Translation of the relics of Saint Gurias, Archbishop of Kazan

The Transfer of Relics of Saint Gurias, Archbishop of Kazan, from the Savior-Transfiguration monastery to the cathedral church of the city of Kazan occurred in the year 1630.

His Life is recorded under December 5, the day of his repose.

Martyrs Inna, Pinna, and Rimma, disciples of Apostle Andrew in Scythia

The transfer of the relics of Saints Inna, Pinna, and Rimma to Alushta took place during the first-second centuries. These holy martyrs are also commemorated on January 20.

Martyrs Aristocles the Presbyter, Demetrian the Deacon, and Athanasius the Reader, of Cyprus

The Holy Martyrs Aristocles the Presbyter, Demetrian, and Athanasius suffered for the Christian Faith during the persecution under the emperor Maximian Galerius (305-311).

The presbyter Aristocles, a native of the Cypriot city of Tamasa, served in the cathedral church during the time of the persecution against Christians. He became terrified of the tortures, and he left the city and hid in a mountain cave. Once during prayer a light shone upon him, and he heard a command from the Lord to return to the island of Cyprus and suffer for Christ. Saint Aristocles obediently set out to return, and on the way he visited the church of the holy Apostle Barnabas (June 11), where he met Deacon Demetrian and Athanasius the Reader. He told them of his vision, and Saints Demetrian and Athanasius decided to endure martyrdom together with him.

Having arrived in the city of Salamis, all three began to preach to the people about the Lord Jesus Christ, and denounced the folly of idol-worship. The pagans arrested them, and the governor, seeing that they were steadfast in their faith in Christ, gave orders to behead Saint Aristocles, and to burn Saints Demetrian and Athanasius. But even in the fire, the martyrs remained unharmed. After this they were beheaded by the sword in the year 306.

In Greek usage, these saints are commemorated on June 23.

Saint Leucius, Bishop of Brindisi

Saint Leucius the Confessor was born in the city of Alexandria of pious parents named Eudykius and Euphrosyne. They gave their son the name Eutropius. The mother died when the lad was 11 years old, and his father took monastic tonsure at the monastery of Saint Hermias, taking along his son with him to the monastery. The boy was raised under the spiritual guidance of the Igumen Nicetas and also experienced monastic elders. The boy showed himself to be very capable, and assiduously he studied Holy Scripture. Eutropius grew up into a quiet, meek and obedient lad. When he reached age 18, the Igumen Nicetas died.

The brethren of the monastery unanimously chose Eutropius as Igumen, even though he was not yet tonsured into monasticism. Reckoning himself unworthy to guide monks when he was not a monk himself, Eutropius refused. For seven years the monastery of Saint Hermias remained without a head. During these years Eutropius, struggling at monastic labors, attained to an high degree of spiritual life.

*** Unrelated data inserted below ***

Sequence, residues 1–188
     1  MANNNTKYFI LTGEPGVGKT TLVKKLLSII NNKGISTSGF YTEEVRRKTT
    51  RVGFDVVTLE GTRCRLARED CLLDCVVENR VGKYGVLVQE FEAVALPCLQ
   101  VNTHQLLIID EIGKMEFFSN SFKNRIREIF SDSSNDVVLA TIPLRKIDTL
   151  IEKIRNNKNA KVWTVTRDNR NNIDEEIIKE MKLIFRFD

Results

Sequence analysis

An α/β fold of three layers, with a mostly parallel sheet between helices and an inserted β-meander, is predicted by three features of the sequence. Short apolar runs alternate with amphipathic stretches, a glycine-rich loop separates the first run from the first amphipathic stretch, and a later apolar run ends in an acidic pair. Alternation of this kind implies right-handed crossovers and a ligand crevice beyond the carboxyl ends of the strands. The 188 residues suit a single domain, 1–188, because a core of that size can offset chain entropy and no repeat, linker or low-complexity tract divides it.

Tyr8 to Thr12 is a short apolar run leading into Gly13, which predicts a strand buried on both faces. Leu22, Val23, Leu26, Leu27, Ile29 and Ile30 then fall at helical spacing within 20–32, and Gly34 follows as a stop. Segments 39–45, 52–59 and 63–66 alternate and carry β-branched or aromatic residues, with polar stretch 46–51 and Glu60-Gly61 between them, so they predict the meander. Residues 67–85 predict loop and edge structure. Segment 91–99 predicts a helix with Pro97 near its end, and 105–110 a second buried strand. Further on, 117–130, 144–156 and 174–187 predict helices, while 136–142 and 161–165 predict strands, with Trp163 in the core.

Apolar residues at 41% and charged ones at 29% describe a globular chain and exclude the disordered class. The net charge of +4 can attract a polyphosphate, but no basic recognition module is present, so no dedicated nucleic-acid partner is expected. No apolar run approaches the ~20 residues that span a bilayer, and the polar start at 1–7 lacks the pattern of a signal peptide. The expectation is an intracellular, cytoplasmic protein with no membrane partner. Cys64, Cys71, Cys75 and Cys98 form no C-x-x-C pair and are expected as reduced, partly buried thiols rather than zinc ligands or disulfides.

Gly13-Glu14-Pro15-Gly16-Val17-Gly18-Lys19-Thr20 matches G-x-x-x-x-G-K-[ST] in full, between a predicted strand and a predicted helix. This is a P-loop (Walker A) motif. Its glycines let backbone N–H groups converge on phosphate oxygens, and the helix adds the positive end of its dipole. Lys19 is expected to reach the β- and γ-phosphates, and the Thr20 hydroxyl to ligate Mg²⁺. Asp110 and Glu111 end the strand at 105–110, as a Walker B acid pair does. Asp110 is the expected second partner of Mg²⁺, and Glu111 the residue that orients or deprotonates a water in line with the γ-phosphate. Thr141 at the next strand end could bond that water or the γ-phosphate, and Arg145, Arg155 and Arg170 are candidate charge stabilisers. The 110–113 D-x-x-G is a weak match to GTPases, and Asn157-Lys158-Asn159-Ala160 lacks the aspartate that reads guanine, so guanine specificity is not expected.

One time Eutropius set off on the feast of the Dormition of the Mother of God to visit all the churches of the Dormition around the city of Alexandria. At the celebrations Hellius, Bishop of Heliopolis, presided together with his clergy. At the same time he visited the monastery headed by the Igumen Theodore. It was at this monastery that both father and son then remained. By night the father Eudykios had a revelation about his own approaching end, and also that his son would become a bishop and enlighten with the light of the Christian Faith the city and region of Brundisium (now Brindisi in Calabria-Apuleia) in Italy.

And in this same vision a new name for Eutropius was revealed: Leucius, meaning “the Spirit of the Lord is come upon him.” And it was on the feast of the Dormition in the church of the Mother of God that Bishop Hellius heard a voice from Heaven, blessing Leucius for archpastoral service, and he directed the archdeacon to enquire of those praying who it was that bore this name. Then with love he blessed Saint Leucius and his father.

The monks of the Hermias monastery earnestly besought the bishop to install Saint Leucius as Igumen of the monastery. Although the ascetic initially refused, considering himself unworthy, he then submitted himself to the bishop and was ordained to the priesthood and was made Igumen.

From this time Saint Leucius intensified his efforts, and God granted him the grace of working miracles, and casting out demons. Once a devil assumed the form of an immense serpent, and killed many in the nearby villages. The holy ascetic hastened to come to the aid of the villagers and he delivered them from the power of the devil. Seeing this, about three thousand pagans in the vicinity accepted Baptism.